Santa Rosa, CA

Mission Eritrea

After much deliberation, on November 22, we announced Eritrea as the first country we partnered with! Our thanks and gratitude for the many submissions provided by our followers that have taken the time to be a part of this journey to change lives! Your support and the wonderful stories you’ve shared with us demonstrate how significant Supply The Change will be in impacting global healthcare. We’d like to give a shout out to those of which that informed us on the specific hospitals welcoming our partnership; and to those that seamlessly connected us with The Ministry of Health! With that being said, we are thrilled to Supply The Change in the East African nation of Eritrea!

Eritrea, a country in the Horn of Africa is bordered by Sudan in the west, Ethiopia in the south, and Djibouti in the southeast. After World War II, Eritrea was annexed to Ethiopia starting a 30-year war for independence. In September of 1991 the Eritrean People's Liberation Front defeated the Ethiopian regime and was finally acknowledged as a country in 1993.

Eritrea is a multi-ethnic country with nine recognized tribes and population of around 5 million. The healthcare system in Eritrea consists of both public and private sectors, but the Ministry of Health is responsible for providing healthcare services in Eritrea. Since the country gained independence in 1993, the Government has undertaken initiatives to improve the healthcare system such as; making significant investments to build new facilities, supply clinic with proper equipment, or even obtain better proper supplies. Efforts were put into developing human resources for the healthcare sector to narrow the gap in shortage of medical staffs. The total expenditure on health care in Eritrea is currently around 4.5% of the country’s GDP.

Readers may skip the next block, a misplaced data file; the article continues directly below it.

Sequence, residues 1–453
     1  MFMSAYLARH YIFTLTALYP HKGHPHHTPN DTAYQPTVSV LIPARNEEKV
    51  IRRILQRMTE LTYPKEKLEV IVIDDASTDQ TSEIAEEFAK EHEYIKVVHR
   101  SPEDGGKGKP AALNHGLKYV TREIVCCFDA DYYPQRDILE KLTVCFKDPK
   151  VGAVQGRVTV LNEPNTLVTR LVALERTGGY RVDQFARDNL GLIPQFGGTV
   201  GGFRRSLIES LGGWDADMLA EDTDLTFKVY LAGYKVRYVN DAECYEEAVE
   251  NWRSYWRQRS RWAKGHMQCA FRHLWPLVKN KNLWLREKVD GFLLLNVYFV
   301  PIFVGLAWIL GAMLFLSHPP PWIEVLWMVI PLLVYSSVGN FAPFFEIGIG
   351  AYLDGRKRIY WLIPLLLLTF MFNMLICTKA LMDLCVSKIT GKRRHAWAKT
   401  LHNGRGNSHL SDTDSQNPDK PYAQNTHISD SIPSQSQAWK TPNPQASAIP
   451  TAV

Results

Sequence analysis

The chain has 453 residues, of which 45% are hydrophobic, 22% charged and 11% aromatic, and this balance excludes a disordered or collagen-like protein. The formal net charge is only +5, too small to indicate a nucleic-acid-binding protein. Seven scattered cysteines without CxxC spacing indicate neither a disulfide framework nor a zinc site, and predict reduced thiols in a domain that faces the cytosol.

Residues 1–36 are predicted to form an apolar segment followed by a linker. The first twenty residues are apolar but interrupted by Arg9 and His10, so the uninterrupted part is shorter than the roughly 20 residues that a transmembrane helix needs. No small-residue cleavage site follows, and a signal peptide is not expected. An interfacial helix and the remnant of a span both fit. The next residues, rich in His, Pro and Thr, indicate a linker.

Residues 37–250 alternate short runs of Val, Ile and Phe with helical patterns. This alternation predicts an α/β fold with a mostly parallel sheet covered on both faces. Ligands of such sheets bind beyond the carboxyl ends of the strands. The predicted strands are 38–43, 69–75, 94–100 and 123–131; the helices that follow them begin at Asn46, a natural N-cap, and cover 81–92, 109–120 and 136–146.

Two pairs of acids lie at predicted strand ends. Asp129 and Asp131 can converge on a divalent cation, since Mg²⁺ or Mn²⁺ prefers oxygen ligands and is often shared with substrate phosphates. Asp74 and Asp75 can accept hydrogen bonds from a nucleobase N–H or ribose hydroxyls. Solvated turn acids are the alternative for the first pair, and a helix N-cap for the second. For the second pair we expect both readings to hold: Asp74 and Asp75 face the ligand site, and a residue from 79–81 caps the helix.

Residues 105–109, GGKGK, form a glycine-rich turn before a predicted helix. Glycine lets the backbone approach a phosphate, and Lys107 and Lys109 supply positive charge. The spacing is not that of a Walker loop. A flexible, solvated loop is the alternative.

Although the Government has tried to improve the healthcare system in Eritrea, the overall standard is generally poor. About 90% of the country’s population is entitled to access free medical treatment at public hospitals and clinics, however, the doctor to patient ratio in Eritrea is low, about 1:10,000 people, and most healthcare providers are mainly located in urban areas. Eighty percent of the country’s population live in a rural part of Eritrea; this leaves many others to travel just to seek medical assistance. This lack of access to medical care may result in delayed treatments or lead to unforeseen deaths. Private doctors and clinics are also available in the country and there is even a private hospital in the capital city. However, the private healthcare sector is relatively small and can be expensive, limiting those who live below the poverty line.

The medical centers in Eritrea provide preliminary medical aid and minor surgical assistance, as well as carrying out diagnostic functions. In the case of an emergency, patients are required to make an appointment to be admitted into a hospital. The services that patients can find in the hospitals include gynecology, pediatrics and eye care.

In general, the infrastructure of the healthcare system in Eritrea is far from meeting the standard of western countries. The modern medical facilities are not always available and they are mostly limited to the urban areas in the country. Chemists and drugstores are available in major towns; however, qualifications of chemists are often unknown. Basic non-prescription medicines can be found in major cities, though the selection is not large, and the supply of medicines is often irregular. Given that the healthcare system in Eritrea is weak and there is a lack of equipment and insufficient maintenance, Supply The Change has decided to partner with Eritrea with the hopes to make a significant difference in the future of health care.